The principle that helps us to resolve these dilemmas in ways consistent with a commitment to human flourishing is the oft-cited, much misunderstood concept of subsidiarity.

Subsidiarity’s genius is the manner in which it uses this attention to free choice, human flourishing, and the need for support to provide guidance concerning how we apply subsidiarity’s two axioms of non-interference and assistance. It helps us determine (1) what economic roles can only be performed by the state (such as the provision of courts to adjudicate contractual disputes); (2) when the state should allow other communities to provide assistance (private banks should normally be the first place of call for loans); (3) when the state should intervene outside its normal economic responsibilities (when those communities that would normally assist are clearly unable to do so); and (4) when such interventions should cease (when they start impeding human flourishing or when the communities that normally provide assistance are now able to do so).

Does this always produce clear-cut answers about the state’s economic role? No. There will always be reasonable disagreements over precisely when an intervention should begin or cease.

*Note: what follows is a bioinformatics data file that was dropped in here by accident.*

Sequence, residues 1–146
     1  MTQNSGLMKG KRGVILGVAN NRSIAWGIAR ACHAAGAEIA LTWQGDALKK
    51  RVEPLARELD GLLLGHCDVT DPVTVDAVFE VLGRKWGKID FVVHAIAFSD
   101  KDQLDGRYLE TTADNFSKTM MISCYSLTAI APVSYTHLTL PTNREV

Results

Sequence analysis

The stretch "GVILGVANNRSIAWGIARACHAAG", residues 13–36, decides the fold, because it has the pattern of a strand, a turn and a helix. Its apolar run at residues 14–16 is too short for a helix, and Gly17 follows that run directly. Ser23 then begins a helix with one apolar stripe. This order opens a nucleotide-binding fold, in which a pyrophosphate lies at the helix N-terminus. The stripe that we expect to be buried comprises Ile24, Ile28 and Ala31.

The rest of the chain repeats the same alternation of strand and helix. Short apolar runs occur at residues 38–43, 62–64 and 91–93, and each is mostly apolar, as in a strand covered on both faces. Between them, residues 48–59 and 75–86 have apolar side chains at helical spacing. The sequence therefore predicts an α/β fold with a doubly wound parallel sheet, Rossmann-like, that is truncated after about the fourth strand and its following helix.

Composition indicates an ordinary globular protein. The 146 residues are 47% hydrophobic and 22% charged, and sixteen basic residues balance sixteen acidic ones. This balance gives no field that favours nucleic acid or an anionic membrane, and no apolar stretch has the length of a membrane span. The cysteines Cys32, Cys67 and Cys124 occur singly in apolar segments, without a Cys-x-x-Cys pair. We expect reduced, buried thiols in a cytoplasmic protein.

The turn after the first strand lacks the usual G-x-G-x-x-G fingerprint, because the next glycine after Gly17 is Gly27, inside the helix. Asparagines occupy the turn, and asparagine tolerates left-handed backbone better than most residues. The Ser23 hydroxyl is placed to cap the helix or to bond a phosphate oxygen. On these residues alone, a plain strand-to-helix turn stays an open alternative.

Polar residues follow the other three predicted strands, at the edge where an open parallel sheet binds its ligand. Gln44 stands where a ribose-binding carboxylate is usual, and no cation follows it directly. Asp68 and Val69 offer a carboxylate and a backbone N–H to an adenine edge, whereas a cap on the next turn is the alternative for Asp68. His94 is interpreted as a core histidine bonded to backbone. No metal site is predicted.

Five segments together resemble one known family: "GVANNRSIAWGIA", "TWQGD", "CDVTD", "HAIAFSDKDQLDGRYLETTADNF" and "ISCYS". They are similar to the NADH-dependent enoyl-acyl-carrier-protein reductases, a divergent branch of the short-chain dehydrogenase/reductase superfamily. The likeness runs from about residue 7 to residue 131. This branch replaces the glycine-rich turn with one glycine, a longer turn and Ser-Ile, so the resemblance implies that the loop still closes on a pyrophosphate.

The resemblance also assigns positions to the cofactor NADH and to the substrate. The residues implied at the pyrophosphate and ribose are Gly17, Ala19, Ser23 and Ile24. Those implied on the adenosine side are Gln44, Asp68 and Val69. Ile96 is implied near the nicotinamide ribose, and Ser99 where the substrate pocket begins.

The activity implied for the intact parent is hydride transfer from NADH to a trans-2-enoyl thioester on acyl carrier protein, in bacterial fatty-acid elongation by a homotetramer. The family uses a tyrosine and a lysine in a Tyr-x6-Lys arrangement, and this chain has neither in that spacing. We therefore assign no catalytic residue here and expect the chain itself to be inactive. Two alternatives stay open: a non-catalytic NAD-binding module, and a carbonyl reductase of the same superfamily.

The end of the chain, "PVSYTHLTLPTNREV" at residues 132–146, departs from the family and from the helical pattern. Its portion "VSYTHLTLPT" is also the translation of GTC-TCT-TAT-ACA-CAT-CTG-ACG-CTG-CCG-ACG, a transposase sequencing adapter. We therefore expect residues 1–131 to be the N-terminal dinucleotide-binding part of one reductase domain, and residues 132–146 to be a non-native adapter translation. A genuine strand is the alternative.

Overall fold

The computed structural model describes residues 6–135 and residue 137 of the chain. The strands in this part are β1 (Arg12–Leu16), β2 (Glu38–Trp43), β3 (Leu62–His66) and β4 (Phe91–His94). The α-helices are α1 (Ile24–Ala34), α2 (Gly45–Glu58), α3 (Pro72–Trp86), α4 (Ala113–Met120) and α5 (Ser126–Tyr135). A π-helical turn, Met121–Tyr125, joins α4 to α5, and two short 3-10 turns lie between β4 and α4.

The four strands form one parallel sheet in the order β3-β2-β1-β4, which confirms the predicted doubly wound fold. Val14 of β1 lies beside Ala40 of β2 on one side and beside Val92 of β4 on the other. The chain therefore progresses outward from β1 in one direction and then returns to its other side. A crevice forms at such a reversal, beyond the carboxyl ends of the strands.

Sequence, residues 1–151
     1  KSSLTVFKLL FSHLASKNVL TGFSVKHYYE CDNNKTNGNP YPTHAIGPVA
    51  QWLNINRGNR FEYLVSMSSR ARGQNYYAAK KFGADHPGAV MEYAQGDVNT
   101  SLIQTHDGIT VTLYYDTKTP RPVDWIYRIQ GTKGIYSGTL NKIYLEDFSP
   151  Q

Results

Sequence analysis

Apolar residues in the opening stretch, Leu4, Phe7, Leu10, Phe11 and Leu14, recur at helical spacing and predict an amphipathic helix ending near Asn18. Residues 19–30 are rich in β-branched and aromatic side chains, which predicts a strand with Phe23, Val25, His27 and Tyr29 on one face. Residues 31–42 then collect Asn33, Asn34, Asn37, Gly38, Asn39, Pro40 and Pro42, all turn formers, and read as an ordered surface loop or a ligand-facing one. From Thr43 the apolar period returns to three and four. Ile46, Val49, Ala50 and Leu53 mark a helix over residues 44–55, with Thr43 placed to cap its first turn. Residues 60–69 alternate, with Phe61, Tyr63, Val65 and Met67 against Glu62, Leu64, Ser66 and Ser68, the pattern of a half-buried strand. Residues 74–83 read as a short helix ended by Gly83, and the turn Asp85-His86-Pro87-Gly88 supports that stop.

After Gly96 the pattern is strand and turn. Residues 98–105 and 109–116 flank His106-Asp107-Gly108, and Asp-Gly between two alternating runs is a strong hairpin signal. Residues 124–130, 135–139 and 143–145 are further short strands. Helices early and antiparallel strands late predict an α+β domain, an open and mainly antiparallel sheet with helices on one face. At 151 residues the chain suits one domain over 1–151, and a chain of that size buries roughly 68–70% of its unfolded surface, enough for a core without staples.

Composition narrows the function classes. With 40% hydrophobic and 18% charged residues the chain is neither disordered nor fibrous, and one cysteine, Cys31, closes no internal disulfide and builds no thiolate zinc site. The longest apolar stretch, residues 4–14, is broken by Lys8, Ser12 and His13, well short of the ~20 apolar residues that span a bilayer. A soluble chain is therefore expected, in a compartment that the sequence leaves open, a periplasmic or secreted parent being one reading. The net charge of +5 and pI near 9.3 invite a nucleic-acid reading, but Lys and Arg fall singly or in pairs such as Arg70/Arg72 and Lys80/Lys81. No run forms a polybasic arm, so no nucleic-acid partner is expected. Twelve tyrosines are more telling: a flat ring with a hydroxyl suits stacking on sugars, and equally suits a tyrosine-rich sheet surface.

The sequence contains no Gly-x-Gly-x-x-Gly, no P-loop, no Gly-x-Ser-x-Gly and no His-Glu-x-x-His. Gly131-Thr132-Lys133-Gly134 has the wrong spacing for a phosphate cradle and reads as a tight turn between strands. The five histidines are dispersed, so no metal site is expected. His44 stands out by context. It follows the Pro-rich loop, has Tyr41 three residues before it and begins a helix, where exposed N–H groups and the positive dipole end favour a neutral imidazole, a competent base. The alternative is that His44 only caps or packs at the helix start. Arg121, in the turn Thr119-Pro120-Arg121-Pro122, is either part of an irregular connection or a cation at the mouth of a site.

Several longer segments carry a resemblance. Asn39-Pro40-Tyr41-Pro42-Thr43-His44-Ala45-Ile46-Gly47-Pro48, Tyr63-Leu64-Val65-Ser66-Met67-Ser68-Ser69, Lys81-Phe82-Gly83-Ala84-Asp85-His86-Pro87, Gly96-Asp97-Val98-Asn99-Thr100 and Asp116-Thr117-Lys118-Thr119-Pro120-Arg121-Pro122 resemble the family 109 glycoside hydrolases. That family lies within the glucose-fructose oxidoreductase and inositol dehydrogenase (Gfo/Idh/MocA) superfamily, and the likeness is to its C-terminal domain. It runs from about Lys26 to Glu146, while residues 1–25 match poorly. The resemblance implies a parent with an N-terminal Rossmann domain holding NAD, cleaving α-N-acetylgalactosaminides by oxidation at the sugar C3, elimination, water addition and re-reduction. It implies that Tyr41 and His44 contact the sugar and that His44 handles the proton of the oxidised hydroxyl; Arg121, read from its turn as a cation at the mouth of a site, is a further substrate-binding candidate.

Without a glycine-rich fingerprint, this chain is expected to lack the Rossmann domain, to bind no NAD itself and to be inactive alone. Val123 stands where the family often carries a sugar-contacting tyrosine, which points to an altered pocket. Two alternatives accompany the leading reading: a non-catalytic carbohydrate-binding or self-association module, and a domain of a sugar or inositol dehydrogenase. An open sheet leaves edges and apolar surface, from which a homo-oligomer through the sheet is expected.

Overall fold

But the process of deliberation is one marked by coherence and undergirded by a reasonable conception of human flourishing that takes free choice and assistance seriously. It also helps to rescue contemporary political economy from the fictions and cul-de-sacs associated with social contract theory. That subsidiarity tends to facilitate more efficient outcomes and would most likely result in scaling back what many regard as the state’s currently excessive economic role is, in some ways, beside the point.

None of this means that technical economic arguments about matters ranging from the efficacy of markets versus neo-Keynesianism to the merits of fiat money versus the gold standard are unimportant. If anything, these issues require even more attention.

But political economy, strictly speaking, has always been about more than positive economics. A serious concern for human flourishing has the potential to transform our starting-points for economic reflection. Given the serious failures of much mainstream economics over the past decade, what have we got to lose?